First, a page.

In 1977, 10 Black women, led by Audrey Rowe Colom and Jeffalyn Johnson, came together ahead of the International Women’s Year Conference in Houston to draft a document that would specifically address the needs of Black women in the women’s movement.

The group devised the Black Women’s Action Plan, which was endorsed by conference delegates that included future Congresswoman Maxine Waters and civil rights icon Dorothy Height. Out of that conference, the Black Women’s Agenda was born, and the group hasn’t stopped fighting for women in the 40 years since it was created. 

Led by President Gwainevere Catchings Hess, Black Women’s Agenda continues to carry out the aims of its founders by advocating for the economic, social, and civil liberties of Black women. Though the organization has several initiatives—from focusing on access to healthcare and supporting African-American caregivers and their families—one of the most important concerns of the group is improving the financial lives of Black women and their families. 

“If you are not capable financially then it’s difficult to focus on anything else when you are feeling disempowered economically,” Catchings Hess tells “Being economically free allows you so many opportunities that you wouldn’t get otherwise. It allows you to go to better schools, it will allow you to get better healthcare, it will allow you to have a better mental state in the world, and it’s just imperative to be able to have that kind of freedom.”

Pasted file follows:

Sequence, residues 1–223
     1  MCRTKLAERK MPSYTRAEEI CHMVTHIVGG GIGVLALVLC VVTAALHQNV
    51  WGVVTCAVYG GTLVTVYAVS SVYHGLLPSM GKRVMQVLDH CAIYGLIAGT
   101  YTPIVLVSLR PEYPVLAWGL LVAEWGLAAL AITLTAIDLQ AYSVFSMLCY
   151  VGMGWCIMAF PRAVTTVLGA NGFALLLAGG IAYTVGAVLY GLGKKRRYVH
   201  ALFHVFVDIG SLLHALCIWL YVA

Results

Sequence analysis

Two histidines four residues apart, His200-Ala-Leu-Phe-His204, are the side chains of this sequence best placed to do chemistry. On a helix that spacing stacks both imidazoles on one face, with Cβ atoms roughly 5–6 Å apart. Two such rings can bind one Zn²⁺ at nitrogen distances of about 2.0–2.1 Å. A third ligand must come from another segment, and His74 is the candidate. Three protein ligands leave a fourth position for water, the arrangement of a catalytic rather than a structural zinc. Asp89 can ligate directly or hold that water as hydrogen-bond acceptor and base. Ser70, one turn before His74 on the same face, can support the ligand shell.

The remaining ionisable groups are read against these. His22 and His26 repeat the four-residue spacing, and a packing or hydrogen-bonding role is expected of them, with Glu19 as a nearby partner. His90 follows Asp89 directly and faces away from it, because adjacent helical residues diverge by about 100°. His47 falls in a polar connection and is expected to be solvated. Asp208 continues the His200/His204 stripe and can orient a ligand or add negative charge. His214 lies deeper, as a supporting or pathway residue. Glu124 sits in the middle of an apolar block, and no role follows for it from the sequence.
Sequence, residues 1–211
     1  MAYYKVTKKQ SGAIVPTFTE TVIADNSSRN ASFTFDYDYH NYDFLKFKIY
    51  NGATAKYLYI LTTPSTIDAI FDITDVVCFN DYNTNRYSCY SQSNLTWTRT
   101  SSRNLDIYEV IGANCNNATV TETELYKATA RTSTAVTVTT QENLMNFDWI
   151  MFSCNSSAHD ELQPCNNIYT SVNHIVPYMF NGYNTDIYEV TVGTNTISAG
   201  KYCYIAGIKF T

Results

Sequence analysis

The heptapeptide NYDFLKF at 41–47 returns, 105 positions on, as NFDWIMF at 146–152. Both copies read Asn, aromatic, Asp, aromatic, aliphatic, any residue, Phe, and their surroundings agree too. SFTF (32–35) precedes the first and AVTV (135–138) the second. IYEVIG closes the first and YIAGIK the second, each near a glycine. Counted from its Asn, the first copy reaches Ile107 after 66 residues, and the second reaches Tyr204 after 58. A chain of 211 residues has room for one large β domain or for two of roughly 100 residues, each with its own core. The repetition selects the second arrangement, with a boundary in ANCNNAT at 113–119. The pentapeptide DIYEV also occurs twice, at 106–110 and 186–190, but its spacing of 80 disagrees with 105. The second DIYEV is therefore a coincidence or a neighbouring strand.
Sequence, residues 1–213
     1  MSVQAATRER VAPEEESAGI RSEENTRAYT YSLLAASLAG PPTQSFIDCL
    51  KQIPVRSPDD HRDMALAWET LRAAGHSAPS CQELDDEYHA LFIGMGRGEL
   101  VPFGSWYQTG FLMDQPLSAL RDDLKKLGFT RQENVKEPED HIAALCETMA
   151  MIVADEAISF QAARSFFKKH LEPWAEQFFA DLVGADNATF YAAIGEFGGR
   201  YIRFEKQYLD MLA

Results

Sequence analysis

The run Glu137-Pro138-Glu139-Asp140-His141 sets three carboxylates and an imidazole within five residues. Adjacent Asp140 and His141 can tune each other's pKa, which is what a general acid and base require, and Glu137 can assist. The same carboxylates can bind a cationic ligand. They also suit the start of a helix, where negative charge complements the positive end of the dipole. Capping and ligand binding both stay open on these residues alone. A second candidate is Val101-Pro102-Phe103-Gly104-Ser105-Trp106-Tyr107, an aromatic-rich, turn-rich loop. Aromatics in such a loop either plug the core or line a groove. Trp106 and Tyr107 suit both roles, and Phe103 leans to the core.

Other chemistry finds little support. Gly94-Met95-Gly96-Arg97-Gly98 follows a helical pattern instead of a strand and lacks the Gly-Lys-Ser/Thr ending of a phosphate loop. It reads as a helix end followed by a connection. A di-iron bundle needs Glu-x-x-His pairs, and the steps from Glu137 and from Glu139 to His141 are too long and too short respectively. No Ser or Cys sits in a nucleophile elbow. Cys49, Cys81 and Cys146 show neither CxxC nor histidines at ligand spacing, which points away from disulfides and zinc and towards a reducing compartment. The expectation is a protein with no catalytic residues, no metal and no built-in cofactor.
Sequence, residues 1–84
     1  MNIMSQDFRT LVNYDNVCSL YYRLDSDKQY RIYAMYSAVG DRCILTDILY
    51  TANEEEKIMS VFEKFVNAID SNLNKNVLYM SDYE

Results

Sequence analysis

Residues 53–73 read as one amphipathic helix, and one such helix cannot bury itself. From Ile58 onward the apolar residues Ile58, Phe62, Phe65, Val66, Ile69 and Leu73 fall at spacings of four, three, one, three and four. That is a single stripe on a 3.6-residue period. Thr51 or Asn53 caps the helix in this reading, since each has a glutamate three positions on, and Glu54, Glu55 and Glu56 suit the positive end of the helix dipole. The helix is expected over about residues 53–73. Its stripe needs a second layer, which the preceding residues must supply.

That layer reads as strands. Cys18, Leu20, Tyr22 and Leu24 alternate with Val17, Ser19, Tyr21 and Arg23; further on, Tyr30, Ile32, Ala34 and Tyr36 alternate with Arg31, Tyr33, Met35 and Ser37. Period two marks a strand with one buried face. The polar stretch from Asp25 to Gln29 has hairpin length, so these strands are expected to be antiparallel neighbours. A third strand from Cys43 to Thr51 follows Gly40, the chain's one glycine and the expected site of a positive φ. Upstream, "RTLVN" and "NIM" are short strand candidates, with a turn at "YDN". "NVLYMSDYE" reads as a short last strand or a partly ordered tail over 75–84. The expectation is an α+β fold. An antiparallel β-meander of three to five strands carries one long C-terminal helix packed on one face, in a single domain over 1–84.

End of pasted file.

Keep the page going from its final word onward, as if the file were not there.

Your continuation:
While those who serve in the Black Women’s Agenda are a formidable group, the organization extends its reach by partnering with a host of collaborators, including all four historically Black sororities in the National Panhellenic Council, Jack & Jill of America, Mocha Moms, and The Links. 

“We try to make what we do about the mission that needs to be done and we’ve tried to bring in collaborating organization that are of like mind who will also work toward the mission,” Catchings Hess says of the group’s ability to evolve over the last four decades. “If you make it about one person or one thing, if something were to happen to that organization or that person then it tends to die or go away.”

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Catchings Hess became president of the organization during the Obama administration, which worked with the group on several issues, but things have changed under President Trump. 

“Our organization reached out to the [Trump] Administration immediately after this administration won the election. We submitted letters to both the president and to his daughter and to [Omarosa Manigault], who’s over his African-American outreach, and we have not heard back from them,” she says. 

“We would hope there would be opportunities and ways to work together, we did work with the past [Obama] administration through the Council of Women and Girls on initiatives that they were planning, but we haven’t received any invitation from the current president for any collaboration,” says Catchings Hess. 

Despite the current lack of communication between the Black Women’s Agenda and the Trump administration, Catchings Hess says the group, which is gearing up to host its 39th Annual Symposium Workshop and Awards Luncheon, remains committed to its mission, no matter who’s in office. 

“We’re going to continue to fight and work to empower African-American women and their families regardless of who the president is. We’re going to continue to fight the fight because it’s not equal yet,” she explains. “Even though we’ve made giant strides in the past, there’s still a lot to be done.”

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